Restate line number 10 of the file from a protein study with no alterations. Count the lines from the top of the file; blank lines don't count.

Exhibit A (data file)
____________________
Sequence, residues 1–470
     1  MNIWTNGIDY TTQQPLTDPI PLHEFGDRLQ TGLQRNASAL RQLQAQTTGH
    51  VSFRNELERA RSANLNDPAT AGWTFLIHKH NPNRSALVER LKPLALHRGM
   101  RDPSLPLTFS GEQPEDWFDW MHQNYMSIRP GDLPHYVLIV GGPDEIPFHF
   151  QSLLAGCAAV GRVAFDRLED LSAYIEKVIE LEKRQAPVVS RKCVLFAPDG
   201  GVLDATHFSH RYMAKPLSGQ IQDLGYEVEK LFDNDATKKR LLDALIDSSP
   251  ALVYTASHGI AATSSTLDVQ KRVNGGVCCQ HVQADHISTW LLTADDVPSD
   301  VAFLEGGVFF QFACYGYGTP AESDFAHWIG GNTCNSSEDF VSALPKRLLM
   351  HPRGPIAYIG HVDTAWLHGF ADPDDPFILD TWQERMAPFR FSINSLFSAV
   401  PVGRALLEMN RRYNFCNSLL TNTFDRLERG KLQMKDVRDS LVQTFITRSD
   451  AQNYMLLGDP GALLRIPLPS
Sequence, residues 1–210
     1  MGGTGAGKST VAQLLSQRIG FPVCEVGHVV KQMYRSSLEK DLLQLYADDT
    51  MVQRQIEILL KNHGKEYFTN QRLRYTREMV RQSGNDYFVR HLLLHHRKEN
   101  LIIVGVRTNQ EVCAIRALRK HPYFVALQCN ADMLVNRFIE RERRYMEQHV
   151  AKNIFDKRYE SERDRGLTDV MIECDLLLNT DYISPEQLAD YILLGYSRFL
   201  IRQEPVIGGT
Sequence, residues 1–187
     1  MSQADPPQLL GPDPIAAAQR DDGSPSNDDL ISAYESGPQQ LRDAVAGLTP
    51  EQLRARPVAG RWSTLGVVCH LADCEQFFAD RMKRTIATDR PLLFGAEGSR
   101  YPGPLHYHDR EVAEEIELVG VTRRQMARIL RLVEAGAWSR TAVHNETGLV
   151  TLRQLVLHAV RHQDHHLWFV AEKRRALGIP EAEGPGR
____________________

   401  PVGRALLEMN RRYNFCNSLL TNTFDRLERG KLQMKDVRDS LVQTFITRSD